Views from a Recent Graduate: 3 observations of young employees to help young employees

While this entire blog represents the views from a recent graduate, this post specifically will focus on some of my recent observations in the work place (and its never too late to drop a Drake reference!).  These may seem obvious, but you would be surprised how many young employees and interns are not very self-aware and take ill advised actions.  Here are four observations, for the sake of this article I call them “views,” I’ve had over the past few months:

View #1: Young employees wearing suit coats into an office that is casual dress.  We have not discussed dress code much in this blog, so more to come on that later.  The most important thing to note when considering what to wear, is the culture.  If your entire company is casual dress (blue jeans every day), dress accordingly.  If you are a new employee at a casual company, wearing a suit coat just makes you seem unobservant of your surroundings.  Yes, you want to “dress to impress,” but dress does not play a major factor in decision-making or your ability to get a promotion or a raise as a young employee - the quality of your work does.  By wearing a suit coat, you do not improve your chances of getting a promotion; you are simply wearing more clothes to try and show off to people that do not care.  This does not mean you cannot look nice, but do so tastefully according to your culture.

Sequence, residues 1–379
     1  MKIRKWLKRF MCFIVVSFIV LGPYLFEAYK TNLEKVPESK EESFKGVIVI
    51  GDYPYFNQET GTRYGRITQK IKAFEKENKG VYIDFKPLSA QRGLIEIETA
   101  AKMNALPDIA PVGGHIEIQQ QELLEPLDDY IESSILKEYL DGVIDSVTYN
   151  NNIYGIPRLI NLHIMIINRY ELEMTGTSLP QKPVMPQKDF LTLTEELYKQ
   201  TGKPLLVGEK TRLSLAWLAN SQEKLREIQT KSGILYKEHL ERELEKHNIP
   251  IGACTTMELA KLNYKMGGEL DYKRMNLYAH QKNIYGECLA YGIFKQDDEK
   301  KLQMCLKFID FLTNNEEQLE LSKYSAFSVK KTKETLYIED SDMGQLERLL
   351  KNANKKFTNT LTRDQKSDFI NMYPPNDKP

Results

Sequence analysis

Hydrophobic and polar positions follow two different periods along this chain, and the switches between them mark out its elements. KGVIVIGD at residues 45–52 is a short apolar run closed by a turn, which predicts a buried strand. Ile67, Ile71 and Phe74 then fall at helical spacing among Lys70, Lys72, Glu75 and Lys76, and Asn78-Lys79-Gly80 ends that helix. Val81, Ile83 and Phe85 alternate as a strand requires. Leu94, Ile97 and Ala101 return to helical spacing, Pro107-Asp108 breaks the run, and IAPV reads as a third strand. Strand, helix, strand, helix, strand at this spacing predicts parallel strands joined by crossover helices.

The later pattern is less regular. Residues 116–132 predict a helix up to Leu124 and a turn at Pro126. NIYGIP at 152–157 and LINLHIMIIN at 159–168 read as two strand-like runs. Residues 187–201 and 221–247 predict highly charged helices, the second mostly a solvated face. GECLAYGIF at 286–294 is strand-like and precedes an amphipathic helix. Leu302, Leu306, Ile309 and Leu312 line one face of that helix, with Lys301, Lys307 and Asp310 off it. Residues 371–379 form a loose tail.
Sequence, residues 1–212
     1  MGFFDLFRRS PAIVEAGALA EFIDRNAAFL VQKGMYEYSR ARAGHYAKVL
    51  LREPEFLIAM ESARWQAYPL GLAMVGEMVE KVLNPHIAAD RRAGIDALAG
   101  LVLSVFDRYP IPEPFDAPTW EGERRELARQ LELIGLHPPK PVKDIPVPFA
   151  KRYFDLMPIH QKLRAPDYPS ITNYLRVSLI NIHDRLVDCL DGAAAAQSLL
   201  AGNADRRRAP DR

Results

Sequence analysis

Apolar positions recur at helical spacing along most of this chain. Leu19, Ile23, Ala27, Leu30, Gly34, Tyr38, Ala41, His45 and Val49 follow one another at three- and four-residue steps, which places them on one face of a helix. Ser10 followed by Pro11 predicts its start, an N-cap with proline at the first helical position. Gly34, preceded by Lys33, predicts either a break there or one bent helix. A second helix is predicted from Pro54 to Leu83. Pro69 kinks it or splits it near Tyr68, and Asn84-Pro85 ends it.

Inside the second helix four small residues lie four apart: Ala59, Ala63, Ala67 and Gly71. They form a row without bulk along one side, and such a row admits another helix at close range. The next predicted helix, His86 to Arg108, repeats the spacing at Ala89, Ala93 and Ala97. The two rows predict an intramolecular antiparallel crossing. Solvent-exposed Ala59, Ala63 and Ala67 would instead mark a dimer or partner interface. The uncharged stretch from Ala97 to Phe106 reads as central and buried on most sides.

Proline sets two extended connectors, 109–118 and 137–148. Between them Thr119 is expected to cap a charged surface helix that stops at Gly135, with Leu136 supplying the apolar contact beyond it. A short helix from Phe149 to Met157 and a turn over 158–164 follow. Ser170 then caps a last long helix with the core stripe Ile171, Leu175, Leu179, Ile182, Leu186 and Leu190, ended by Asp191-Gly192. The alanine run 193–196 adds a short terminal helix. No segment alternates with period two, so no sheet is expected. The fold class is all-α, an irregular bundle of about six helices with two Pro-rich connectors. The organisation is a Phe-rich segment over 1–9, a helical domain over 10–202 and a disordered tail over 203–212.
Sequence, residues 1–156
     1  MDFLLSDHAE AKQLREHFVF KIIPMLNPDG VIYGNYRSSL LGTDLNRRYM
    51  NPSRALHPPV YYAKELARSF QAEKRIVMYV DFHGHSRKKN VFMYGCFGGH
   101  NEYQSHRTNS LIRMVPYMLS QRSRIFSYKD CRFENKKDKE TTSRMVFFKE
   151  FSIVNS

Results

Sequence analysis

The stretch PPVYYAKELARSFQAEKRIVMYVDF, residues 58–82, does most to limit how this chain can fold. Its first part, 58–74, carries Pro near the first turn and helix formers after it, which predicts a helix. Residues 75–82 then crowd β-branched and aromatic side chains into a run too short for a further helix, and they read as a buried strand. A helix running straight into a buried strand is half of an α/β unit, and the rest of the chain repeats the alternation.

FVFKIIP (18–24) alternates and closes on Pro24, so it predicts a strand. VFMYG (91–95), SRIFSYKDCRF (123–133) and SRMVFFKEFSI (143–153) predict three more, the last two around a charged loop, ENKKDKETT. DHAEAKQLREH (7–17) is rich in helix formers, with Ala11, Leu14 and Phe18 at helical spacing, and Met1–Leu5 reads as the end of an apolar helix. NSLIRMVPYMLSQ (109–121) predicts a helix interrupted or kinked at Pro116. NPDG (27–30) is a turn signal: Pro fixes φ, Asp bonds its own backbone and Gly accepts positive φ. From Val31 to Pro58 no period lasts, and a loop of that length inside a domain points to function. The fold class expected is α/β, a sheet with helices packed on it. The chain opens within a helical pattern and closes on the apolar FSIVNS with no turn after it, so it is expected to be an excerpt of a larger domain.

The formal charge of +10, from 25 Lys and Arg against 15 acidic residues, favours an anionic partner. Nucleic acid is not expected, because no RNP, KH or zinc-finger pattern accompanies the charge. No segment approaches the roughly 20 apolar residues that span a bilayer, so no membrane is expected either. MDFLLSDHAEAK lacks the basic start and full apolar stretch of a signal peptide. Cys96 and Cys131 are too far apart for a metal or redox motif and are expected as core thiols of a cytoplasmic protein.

View #2Young employees speaking up in meetings.  This was mentioned in the Internship Guide.  I was in a meeting with a young employee on their first day.  They were actively speaking up, sharing their opinion, and asking questions.  This is great!  Many young employees are timid on their first day, week, and/or month.  I implore you to speak up!  When this young employee spoke up in the meeting I was a little startled, honestly, because I wasn’t expecting their participation so soon.  But, I was impressed because of their eagerness to join in on the conversation and contribute.  Be sure to speak up in meetings.  The general rule of thumb is if you do not contribute to the conversation, you should not be in the meeting.  Take it upon yourself to ask a question or share your thoughts in all of your meetings, even as a young employee.

View #3: Young employees concerned about rescheduling meetings.  As a young employee there is an internal perception that you need to be at the beck and call of every more-senior employee.  And, if you reschedule a meeting you will be looked at negatively.  This is not the case.  Just like senior employees, things come up that force you to shuffle around your schedule.  Your reputation will not be tarnished by rescheduling a meeting. Don’t spend precious time and energy concerning yourself with the repercussions of rescheduling a meeting, because there aren’t any repercussions.  People in Corporate America are understanding that schedules change often, so act accordingly.  

The key takeaway from this post is self-awareness.  You need to be self-aware and understand the ramifications of your actions.  Be observant of how others behave at your company.  Learning how others behave will make you more self-aware of your own actions.  Being self-aware will make you a better communicator, in turn, making you a better employee.

Thought Starters

  • What "views" do you have of your peers as a young employee?
  • How have you observed your company culture and adapted accordingly?